There was also change to look at the 100% organic range from Raimat including: Raimat Saira Albarino (white) (DPD £6,80); Raimat Tempranillo (red); Raimat Ventada Garnacha Blanco (white); and Raimat Anima de Raimat Red (red.)
Russ Maddocks says the four Cavas selected where done to show the different levels of quality you get when you move from a non-vintage Brut, to an organic Brut, through to Rosado and Reserva when the price differences are only a couple of pounds each time.
Perugi says its Reserva wines are very much a key focus for Codorniu and working more with specialist retailers and premium on-trade. That is where the marketing and education push will come from. Cava being positioned as the Spanish Champagne.
“The standard quality across all four Cavas is very good,” says Pierre Mansour at the Wine Society. “What is really encouraging is that each style is reflecting exactly what it is telling the consumer on the bottle.”
The panel were particularly taken with the Arts Collecta Blanc de Blanc Cava but questioned why use Blanc de Blanc to describe it – or ‘Ars’ for the UK market. Equally using ‘rosé’ rather than Rosada.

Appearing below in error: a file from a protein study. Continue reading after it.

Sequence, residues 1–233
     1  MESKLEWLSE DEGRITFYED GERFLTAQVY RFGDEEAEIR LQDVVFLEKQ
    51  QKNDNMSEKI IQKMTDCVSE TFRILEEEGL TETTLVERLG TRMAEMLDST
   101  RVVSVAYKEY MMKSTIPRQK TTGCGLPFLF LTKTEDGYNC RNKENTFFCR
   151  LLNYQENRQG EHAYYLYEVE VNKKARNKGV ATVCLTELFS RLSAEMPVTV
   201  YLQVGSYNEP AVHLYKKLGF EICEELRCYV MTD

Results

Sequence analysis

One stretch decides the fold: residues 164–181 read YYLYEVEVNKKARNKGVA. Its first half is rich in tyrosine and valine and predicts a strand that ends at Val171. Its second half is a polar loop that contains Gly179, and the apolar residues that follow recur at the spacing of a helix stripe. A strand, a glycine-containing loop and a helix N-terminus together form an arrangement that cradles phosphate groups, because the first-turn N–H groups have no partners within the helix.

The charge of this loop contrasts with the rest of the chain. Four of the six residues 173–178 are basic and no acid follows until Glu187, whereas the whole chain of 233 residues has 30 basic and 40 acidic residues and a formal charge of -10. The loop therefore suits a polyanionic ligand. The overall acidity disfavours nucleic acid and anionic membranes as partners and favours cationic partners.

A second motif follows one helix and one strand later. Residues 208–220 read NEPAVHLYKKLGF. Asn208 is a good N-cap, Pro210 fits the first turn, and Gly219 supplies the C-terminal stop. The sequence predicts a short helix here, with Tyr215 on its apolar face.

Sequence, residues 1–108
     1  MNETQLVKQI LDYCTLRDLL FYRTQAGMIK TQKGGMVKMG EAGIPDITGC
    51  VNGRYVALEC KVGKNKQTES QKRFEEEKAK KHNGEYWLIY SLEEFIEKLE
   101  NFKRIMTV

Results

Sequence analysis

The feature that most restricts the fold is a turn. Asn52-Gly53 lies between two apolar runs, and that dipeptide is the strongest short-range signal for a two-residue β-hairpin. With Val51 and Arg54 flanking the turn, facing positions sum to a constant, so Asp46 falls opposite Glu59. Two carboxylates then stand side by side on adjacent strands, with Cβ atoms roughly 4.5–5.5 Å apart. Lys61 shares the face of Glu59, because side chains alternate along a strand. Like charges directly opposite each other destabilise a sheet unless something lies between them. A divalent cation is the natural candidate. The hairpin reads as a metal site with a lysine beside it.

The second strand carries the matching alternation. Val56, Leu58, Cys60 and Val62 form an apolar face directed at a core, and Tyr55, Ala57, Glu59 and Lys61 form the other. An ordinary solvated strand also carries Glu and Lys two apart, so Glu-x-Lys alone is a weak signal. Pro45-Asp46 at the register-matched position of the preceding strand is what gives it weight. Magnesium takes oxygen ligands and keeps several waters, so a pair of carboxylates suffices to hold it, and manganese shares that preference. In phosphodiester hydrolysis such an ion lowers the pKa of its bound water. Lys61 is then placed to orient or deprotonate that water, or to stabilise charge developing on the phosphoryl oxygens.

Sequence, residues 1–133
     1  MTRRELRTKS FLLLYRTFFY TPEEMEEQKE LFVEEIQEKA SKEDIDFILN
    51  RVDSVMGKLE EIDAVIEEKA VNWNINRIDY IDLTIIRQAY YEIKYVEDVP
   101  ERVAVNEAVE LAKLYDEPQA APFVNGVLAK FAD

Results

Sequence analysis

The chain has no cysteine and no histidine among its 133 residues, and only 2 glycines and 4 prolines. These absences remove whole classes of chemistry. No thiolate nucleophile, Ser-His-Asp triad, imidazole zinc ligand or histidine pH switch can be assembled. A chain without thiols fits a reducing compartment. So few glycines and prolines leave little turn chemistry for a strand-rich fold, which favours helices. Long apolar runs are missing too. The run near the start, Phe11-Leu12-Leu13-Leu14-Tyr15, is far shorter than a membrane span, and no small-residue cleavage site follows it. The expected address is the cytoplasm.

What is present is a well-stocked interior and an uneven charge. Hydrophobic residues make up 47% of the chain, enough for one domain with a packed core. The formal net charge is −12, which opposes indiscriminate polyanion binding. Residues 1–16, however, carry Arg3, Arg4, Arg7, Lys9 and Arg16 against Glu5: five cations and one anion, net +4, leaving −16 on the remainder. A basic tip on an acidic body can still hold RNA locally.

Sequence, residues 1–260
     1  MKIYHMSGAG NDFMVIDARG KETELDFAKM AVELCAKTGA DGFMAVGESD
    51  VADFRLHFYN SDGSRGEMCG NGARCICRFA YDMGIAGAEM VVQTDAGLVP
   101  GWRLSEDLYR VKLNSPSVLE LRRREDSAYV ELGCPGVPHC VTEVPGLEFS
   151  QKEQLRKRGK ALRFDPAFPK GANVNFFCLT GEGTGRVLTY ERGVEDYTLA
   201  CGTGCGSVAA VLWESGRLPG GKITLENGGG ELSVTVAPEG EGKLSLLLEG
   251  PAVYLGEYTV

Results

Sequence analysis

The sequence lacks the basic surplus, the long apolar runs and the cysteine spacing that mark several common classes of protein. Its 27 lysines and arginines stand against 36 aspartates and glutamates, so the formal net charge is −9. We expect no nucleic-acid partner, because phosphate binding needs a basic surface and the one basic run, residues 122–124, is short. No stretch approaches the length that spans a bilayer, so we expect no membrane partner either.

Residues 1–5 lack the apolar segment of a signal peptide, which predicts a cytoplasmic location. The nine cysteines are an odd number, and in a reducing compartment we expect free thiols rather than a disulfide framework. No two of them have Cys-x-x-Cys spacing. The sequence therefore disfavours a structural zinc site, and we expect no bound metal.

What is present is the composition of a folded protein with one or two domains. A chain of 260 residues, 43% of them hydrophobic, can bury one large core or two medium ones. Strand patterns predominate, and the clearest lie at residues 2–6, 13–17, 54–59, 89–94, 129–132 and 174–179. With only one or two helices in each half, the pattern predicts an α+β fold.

Clean and fresh
Equally the Ecologica wine stood out to the panel as a great example of Cava can do. Richard Bigg at Camino found it a “very rich, rewarding wine with great structure” that be good as an aperitif. Will Hill at Humble Grape agrees: “Clean, fresh and perfect aperitif style. That was the start of the show for me.”
Harry Crowther at Good Pair Days says having organic and green credentials is also a good trigger for consumers.“Stylistically and commercially it works for me,” he adds.
The Raimat portfolio of still wines have all been produced to best reflect the purity of the fruit, its unique climate and to “be as fresh” as possible, says general manager, Joan Esteve. With up to 20 different grape varieties to work with.